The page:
This is like slow food, but with people. It’s like slowly cooking yourself with another so that there is a melding of flavors, but still distinct ingredients that hold their form. Often this type of relationship is difficult to do, but vitally important if intimacy is tough for you. This type of fear of intimacy often comes in two forms. There is the “jump in real fast to relationship” and the “scared of relationship” type.
First, I want to clarify that there is nothing wrong with moving fast in relationships, or with not wanting to be in romantic relationships. Some folks find moving fast right and good, and they are able to have true connection with others no matter how long they have known each other. And there are others that really are not interested in romantic relationships, but are deeply interested in platonic loving relationships. Both of these ways are great, but if you are someone who craves a loving romantic relationship and finds yourself scared of intimacy, or someone who moves in and out of relationships rapidly then this article is for you.
Consider this: it’s all about proximity. The one who moves in so fast and the one who runs away fast are trying to avoid connection and true intimacy. For example, a metaphor: imagine two people see each other across the room and their style is to move fast in relationship. So they move into really close proximity of each other. They are like nose to nose, and all they are seeing of the other is like one eyeball. They miss the entire person! They are only relating to a small perception of this person, and making up big stories of who the rest of this person is. And when the big picture is finally seen there is big disappointment and often the relationship ends.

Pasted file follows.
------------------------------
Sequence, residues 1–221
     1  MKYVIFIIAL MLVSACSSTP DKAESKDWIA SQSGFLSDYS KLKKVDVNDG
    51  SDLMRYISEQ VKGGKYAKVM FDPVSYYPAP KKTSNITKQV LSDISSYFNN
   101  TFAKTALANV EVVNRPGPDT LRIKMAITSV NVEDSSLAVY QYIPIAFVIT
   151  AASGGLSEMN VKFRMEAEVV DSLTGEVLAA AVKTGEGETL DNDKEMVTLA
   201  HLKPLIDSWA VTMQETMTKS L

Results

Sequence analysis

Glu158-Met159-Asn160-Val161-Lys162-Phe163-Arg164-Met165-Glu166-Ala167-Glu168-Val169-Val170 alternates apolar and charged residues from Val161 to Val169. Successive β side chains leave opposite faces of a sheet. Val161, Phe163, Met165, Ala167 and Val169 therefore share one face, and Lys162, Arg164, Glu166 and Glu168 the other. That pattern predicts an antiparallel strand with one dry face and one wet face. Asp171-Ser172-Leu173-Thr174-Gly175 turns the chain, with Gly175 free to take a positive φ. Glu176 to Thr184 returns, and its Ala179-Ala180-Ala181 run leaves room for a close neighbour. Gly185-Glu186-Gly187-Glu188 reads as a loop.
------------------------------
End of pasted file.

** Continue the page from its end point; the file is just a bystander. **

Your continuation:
Then there are the ones that like to stay far away. This person sees someone across the room and is fine with that person staying over there! At this distance safety is guaranteed, as well as loneliness and isolation. But getting close is really scary so they keep a wide berth and get to make up stories about this other person. And as a result misses out on true connection and meaningful relationships.
So what would a slow relationship look like? First, I want to point out that slow relationships are not about rules and regulations. It’s not about applying a formula to something as fluid and dynamic as romantic relationships. Or about figuring out what the relationship is “supposed” to look or feel like, or even how the individuals are “supposed” to feel about each other. This is all way bigger than that. We often change roles with our partners, sometimes being far away or being really close depending on the person and circumstances. So even your style may fluctuate, but being aware of what is taking place in the relationship, and in you, gives you a chance of staying and seeing what could happen.
Imagine seeing someone across the room and walking up to the point where each of your boundaries meet and checking out what happens next. Having enough distance to get a good look at the person, but close enough that you can see the color of their eyes. It’s the middle place that can be so uncomfortable, where there is an “I” and a “we.” Then the work can begin to develop intimacy, respect, and deep love for the other, and even more importantly love, respect, and intimacy for yourself.
So there is not a formula but there is a lot of experimentation, mistakes, and successes. This type of relationship will feel different from many of your others and that is a really good thing! You will get to know yourself, your fears, and your deep longing to connect with the world and the people in it in a very humble way.
Karolina Walsh Psychotherapy
Providing psychotherapy, counseling, and support for grief, addictions, trauma, PTSD, relationship issues, and GLBTQIA.
“Karolina walks her talk, her ability to meet another in their capacities is sensational because she has done her own work” -Diane Israel
"An effective therapist needs to do at least two things: be compassionate and provide constructive feedback that actually changes the way people experience the world. I see many therapists who can do one or the other. I routinely watch Karolina do both..." -Patrick Weeg